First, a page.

(Although this was never explicitly spelled out by Malema and Co, Maya’s acknowledged closeness to Judge Hlophe – whom she referred to in her interview as akin to a “brother”, and further affirmed she would recuse herself from any matters involving him – would doubtless have pleased the EFF-aligned JSC members, given their established Hlophe affinity.)

Regardless of their reasons, it was rapidly made evident during the JSC interviews that Maya was their preferred candidate. During four days of interviews dominated by Malema, Mpofu and their cabal, Maya was effectively treated with kid gloves, while Judge Mlambo – in the view of many, the strongest candidate – was ambushed with anonymous sexual harassment rumours, and Judge Zondo was repeatedly accused of inappropriate intimacy with both Ramaphosa and former President Jacob Zuma.

It appeared that the JSC had Ramaphosa in a bind. Either he could endorse the JSC’s recommendation and appoint “neutral” Judge Maya, enjoying the applause which would follow for picking South Africa’s first-ever female Chief Justice; or he could reject the JSC’s advice and opt instead either for a male judge with unsubstantiated sexual harassment rumours hanging over his head (Mlambo), or a judge despised by both the EFF and the RET faction of Ramaphosa’s own party for his work on State Capture (Zondo).

(The remaining candidate, Judge Mbuyiseli Madlanga, was – despite the JSC ranking him higher than Zondo – not widely viewed as a plausible choice for Chief Justice due to his lack of experience in judicial leadership and administration.)

There is little doubt that Maya would have been the politically easiest choice. It was rationally defensible beyond the gender issue, since despite not having the strongest interview Maya is unquestionably an accomplished and respected jurist. It could also have won Ramaphosa plaudits within the fractured ANC for selecting a compromise candidate by whom the RET faction would not be unduly threatened.

Ramaphosa is best known for advocating negotiation and compromise in his political life, and his presidency thus far has entrenched the perception that he is generally conflict-averse, to the country’s detriment. This is one of the aspects that makes his appointment of Zondo quite remarkable: it amounts to Ramaphosa flexing his presidential muscles in an almost unprecedented way.     

The EFF has already made its displeasure known. In a statement on Thursday evening, the party declared it “shameful that [Ramaphosa] has chosen to side-line a capable, uncompromising black woman” (Maya) in favour of “a member of the judiciary who is prone to descending into the political arena when he is expected to exercise restraint” (Zondo).

But, ultimately, the frothing of a 10% party means very little. Ramaphosa’s decision is welcome from that perspective too. It is a reminder, in a context where both the media and the public are prone to overstate the EFF’s power and influence due to the party’s intimidation tactics, that the President can overrule Malema’s desires with the stroke of a pen.

Ramaphosa’s decision also effectively defangs the increasingly dysfunctional JSC, for whom this appointment amounts to a more or less explicit smackdown. Indeed, if Judge Maya seeks to direct blame towards any quarter for losing out on the Chief Justice post, her anger should be targeted towards the JSC, which essentially scuppered her chances by running such blatantly problematic interviews.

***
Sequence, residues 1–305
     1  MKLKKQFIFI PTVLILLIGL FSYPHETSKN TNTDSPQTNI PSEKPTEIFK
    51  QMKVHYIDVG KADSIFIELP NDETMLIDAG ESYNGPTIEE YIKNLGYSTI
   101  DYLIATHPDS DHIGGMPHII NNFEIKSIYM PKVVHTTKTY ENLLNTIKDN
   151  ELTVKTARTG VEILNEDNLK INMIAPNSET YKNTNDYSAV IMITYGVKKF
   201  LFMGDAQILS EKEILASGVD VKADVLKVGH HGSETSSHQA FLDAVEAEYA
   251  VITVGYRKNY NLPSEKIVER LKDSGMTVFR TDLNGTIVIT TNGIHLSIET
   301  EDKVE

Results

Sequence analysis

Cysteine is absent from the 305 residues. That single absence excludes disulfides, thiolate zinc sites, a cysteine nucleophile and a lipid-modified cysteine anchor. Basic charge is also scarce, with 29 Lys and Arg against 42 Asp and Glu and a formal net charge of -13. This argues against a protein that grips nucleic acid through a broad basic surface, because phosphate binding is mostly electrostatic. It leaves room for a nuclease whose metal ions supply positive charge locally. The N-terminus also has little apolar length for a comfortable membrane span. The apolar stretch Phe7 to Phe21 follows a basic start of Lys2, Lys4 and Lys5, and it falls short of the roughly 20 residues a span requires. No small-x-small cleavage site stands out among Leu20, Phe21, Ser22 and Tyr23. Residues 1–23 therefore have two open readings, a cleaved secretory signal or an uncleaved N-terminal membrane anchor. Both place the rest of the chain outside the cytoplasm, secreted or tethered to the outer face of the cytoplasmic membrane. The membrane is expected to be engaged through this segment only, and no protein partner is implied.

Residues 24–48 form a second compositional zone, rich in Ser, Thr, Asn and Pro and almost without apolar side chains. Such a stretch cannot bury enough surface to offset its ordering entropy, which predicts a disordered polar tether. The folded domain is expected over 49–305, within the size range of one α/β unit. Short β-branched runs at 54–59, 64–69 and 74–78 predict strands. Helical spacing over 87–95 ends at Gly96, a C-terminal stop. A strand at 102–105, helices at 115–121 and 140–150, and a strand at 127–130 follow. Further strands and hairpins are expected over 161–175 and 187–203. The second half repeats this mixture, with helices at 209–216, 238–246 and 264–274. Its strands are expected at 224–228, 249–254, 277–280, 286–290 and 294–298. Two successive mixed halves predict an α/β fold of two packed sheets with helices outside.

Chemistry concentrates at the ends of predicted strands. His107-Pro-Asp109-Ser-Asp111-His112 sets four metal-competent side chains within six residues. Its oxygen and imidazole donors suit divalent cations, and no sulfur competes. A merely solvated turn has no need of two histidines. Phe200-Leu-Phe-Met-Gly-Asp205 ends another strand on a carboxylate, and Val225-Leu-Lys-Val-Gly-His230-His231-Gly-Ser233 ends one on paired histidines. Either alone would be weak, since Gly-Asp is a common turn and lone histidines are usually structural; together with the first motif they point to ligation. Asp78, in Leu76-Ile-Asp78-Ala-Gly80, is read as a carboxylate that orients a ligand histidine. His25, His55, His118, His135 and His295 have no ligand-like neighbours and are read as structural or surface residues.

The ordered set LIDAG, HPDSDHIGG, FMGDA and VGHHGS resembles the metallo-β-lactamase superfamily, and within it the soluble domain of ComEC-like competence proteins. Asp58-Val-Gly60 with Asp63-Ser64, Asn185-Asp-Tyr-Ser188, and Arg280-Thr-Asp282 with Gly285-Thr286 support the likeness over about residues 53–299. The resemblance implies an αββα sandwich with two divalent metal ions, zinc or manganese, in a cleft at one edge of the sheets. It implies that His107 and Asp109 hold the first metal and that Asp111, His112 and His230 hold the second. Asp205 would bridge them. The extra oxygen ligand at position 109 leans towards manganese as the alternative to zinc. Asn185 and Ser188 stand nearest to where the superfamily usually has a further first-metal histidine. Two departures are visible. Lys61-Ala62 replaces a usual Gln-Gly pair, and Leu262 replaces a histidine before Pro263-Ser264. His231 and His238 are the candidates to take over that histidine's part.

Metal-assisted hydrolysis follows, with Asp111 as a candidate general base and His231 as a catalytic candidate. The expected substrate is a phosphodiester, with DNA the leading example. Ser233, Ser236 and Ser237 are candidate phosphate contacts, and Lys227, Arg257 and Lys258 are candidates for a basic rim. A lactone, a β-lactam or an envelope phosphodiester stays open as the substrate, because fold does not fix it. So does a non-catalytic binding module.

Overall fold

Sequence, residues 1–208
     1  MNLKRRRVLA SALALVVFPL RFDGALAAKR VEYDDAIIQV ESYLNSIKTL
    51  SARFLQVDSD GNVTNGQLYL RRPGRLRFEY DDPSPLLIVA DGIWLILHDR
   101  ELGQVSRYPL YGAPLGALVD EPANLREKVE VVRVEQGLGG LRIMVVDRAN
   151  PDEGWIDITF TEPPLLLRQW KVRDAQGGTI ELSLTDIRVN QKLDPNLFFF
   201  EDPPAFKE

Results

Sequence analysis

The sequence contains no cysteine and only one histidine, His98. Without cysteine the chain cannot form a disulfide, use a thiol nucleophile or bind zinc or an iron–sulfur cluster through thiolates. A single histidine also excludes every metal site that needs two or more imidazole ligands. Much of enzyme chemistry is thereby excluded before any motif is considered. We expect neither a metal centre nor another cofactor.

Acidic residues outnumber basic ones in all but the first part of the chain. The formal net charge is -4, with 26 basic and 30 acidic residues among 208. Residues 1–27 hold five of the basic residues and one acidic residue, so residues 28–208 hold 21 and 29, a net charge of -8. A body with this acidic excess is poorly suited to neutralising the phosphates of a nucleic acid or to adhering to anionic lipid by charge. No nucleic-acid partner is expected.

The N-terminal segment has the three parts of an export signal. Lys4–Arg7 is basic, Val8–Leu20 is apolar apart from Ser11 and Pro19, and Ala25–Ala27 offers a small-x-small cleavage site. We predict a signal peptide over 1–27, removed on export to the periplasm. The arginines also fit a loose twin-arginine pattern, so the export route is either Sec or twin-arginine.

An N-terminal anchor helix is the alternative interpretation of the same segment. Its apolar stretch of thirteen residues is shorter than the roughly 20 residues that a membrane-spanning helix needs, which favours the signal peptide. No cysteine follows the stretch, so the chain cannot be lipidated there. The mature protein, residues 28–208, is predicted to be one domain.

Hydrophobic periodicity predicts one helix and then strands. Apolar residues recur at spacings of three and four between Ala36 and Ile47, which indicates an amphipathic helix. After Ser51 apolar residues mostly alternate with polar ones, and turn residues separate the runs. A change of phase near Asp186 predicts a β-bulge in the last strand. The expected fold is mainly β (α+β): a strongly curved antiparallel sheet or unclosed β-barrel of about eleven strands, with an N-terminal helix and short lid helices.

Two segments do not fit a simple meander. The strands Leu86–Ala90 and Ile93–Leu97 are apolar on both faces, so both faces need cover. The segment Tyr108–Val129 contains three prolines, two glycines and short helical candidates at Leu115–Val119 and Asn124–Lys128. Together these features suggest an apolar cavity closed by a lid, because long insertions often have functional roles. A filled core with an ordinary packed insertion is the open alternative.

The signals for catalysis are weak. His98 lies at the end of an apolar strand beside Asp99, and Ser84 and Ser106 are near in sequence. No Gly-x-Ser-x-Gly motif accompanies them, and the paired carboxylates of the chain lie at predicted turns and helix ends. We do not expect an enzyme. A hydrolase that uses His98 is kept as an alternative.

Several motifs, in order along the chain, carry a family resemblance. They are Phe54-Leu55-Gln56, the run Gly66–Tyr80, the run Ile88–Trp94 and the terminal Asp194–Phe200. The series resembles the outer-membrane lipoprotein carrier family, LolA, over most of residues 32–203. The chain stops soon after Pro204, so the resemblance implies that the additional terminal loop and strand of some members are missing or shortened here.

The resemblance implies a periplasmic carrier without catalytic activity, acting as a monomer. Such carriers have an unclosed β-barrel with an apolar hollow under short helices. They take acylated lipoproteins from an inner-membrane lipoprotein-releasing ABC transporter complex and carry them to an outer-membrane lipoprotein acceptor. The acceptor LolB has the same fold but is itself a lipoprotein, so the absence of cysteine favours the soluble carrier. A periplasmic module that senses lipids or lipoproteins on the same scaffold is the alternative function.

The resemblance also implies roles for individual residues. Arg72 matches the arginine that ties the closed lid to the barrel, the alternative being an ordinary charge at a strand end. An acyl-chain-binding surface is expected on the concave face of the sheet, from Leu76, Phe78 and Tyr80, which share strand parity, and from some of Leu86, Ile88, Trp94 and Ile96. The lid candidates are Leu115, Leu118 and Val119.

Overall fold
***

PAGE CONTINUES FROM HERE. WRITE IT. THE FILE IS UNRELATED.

Although it is Zuma and not Ramaphosa who is known as a chess-playing president, there is another reason why the appointment reveals that Ramaphosa is capable of chess moves with the best of them.

As highlighted by the judicial watchdog Judges Matter, the appointment of Maya as Deputy Chief Justice requires Maya to relinquish her current post as Judge President of the Supreme Court of Appeal and move to the Constitutional Court (which is in dire need of women judges).

This means that Ramaphosa wins an extra appointment as a bonus, as it is now his prerogative – after consultation with the JSC and political party leaders – to also appoint the new head of the Supreme Court of Appeal.

The move can be seen as part of an apparent new determination on Ramaphosa’s part to assert control over the security cluster. It follows the recent axing of Zuma-aligned police chief Khehla Sitole and the possible return of various police and crime intelligence figures sidelined during the Zuma years.

However controversial Chief Justice Zondo’s appointment will be in certain quarters, Zondo’s tenure can also only last two years before his mandated retirement. This raises the possibility that Ramaphosa – assuming he is still President – ultimately intends to appoint Judge Mlambo as Chief Justice, but is allowing for an appropriate interval to decisively settle the sexual harassment rumours around Mlambo.

Zondo faces a tough gig. He will have to contend with inevitable accusations that his appointment is primarily a “thank you” for chairing the State Capture inquiry, and – more seriously – that his failure to implicate either Ramaphosa or his son Andile in the State Capture reports so far was a quid pro quo for the Chief Justice post.

But few fair-minded individuals would surely argue with the assessment of Judges Matter on the appointment: that “Judge Zondo is a known quantity, and is unquestionably a safe pair of hands”. DM